Timothy and Titus – Inconspicuous Leadership
When we are young in age and in faith we don’t really think about the state of mind or condition of those who are much older in our gathering of believers. If they smile, we smile back. If they elderly reach out to give a hug, we reluctantly allow it…if we know them. If they have trouble getting around, we move around them as an obstacle with our busy, fast pace. It annoys us to have to repeat what we say to them often because they cannot hear as well as they used to hear. We forget that they have worlds of wisdom through experience on this journey than we could possibly have…because we are young.
Now, I am getting older. I have retired from secular work of teaching science. I have free time to think and reflect. I let my hair go silver gray. I stopped using hair dye just to make myself “look younger”. I am embracing my age and even celebrating it. But I am still me. My mind still tells me I am younger than I am. I still ride my bike and can climb the rock wall at the local baseball field. According to my husband, I still move around at a quick pace and must slow down for others. (This is inherited, my Grandma Kellerby walked fast, too. Just saying.)
Now that I look more like the part of an old person, I am now noticing that others who don’t really know me well treat me differently in this world. Strangers either treat me with kindness or as a burden to them. I am either honored for wisdom or assumed too old to know and treated as stupid. In this world, there are advantages (like Senior Discounts) and disadvantages (like a younger gal taking my phone from me at the store when I didn’t pull up my coupon fast enough.) I am amused at both advantages and disadvantages in my experiment of letting my hair go gray and watching how I’m treated. It is almost like an episode of “Undercover Boss” or “What Would You Do”. (Smiling, now.)
But that is the world.
As believers, Paul tells us plain and simple how to deal with aging in the community of faith. Honor them. Help when needed. But don’t help too much. Teach family members that they are responsible, too. Remember the church is being persecuted. Young and old have lost spouses because of their faith. Paul offers advice to Timothy, given the circumstances, to be helpful not harmful.
1 Timothy 5, The Message
The Family of Faith
5 1-2 Don’t be harsh or impatient with an older man. Talk to him as you would your own father, and to the younger men as your brothers. Reverently honor an older woman as you would your mother, and the younger women as sisters.
3-8 Take care of widows who are destitute. If a widow has family members to take care of her, let them learn that religion begins at their own doorstep and that they should pay back with gratitude some of what they have received. This pleases God immensely. You can tell a legitimate widow by the way she has put all her hope in God, praying to him constantly for the needs of others as well as her own. But a widow who exploits people’s emotions and pocketbooks—well, there’s nothing to her. Tell these things to the people so that they will do the right thing in their extended family. Anyone who neglects to care for family members in need repudiates the faith. That’s worse than refusing to believe in the first place.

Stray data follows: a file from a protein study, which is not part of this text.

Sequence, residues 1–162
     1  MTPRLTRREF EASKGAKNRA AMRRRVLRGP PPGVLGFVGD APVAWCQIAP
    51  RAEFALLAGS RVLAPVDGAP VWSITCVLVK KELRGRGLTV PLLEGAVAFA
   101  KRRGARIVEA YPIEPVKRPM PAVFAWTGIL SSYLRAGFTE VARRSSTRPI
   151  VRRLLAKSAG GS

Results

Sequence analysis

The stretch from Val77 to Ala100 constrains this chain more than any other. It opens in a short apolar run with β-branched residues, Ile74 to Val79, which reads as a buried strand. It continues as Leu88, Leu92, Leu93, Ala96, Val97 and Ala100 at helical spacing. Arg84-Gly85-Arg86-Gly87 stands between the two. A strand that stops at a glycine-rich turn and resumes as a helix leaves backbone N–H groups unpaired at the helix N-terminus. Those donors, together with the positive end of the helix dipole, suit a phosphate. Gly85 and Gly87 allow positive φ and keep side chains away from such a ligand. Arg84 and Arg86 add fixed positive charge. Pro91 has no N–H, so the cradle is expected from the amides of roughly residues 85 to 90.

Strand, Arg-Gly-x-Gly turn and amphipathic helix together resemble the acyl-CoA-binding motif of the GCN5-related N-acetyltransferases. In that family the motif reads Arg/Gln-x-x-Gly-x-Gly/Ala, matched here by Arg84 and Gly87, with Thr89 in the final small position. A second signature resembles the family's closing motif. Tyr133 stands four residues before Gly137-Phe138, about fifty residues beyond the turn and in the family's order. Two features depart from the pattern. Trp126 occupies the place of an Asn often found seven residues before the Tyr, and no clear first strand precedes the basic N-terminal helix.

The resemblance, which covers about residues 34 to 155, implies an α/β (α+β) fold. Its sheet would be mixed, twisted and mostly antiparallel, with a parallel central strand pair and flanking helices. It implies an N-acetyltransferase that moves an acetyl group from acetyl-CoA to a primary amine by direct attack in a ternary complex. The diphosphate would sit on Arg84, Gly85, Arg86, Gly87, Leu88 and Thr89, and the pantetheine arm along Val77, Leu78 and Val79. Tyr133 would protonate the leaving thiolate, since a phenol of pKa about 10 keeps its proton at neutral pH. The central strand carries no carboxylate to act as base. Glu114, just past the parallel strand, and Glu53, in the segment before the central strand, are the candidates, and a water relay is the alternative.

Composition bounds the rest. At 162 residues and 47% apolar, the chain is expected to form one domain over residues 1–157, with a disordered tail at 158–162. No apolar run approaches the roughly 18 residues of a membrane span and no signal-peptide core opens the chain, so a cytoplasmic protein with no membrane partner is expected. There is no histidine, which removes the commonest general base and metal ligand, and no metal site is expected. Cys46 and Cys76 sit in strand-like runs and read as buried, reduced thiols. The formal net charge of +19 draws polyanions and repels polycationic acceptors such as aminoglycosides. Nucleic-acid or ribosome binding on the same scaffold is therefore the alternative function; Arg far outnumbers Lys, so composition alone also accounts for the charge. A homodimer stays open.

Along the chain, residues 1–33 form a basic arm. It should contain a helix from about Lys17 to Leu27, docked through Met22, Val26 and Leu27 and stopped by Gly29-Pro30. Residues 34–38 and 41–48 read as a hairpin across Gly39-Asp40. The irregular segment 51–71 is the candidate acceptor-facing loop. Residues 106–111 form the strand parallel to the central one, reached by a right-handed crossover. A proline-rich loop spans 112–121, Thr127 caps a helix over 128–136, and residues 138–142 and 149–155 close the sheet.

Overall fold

9-10 Sign some widows up for the special ministry of offering assistance. They will in turn receive support from the church. They must be over sixty, married only once, and have a reputation for helping out with children, strangers, tired Christians, the hurt and troubled.
11-15 Don’t put young widows on this list. No sooner will they get on than they’ll want to get off, obsessed with wanting to get a husband rather than serving Christ in this way. By breaking their word, they’re liable to go from bad to worse, frittering away their days on empty talk, gossip, and trivialities. No, I’d rather the young widows go ahead and get married in the first place, have children, manage their homes, and not give critics any foothold for finding fault. Some of them have already left and gone after Satan.
16 Any Christian woman who has widows in her family is responsible for them. They shouldn’t be dumped on the church. The church has its hands full already with widows who need help.
LEADERSHIP PRINCIPLE #5:
Honor Each Other
Leadership Characteristics to acquire and mature
–Don’t be harsh or impatient with those who are older. If this is hard, and it was with me, pray for God’s help. He WILL help you.
–Help with reverence and honor, not giving into pride and selfishness.
–Help in ways that retain the dignity of those we help.
Dear Heavenly Father,
Thank you for helping us through all the stages of life on this brief journey here. Thank you for always being with us. Thank you for helping widows through the tough times of doing life without their spouses emotionally, spiritually, physically and intellectually. Thank you for Your Word and Your Holy Spirit that teaches, comforts, convicts and restores us. Continue to transform me. Transform the church. Transform the world.
In Jesus Name, Amen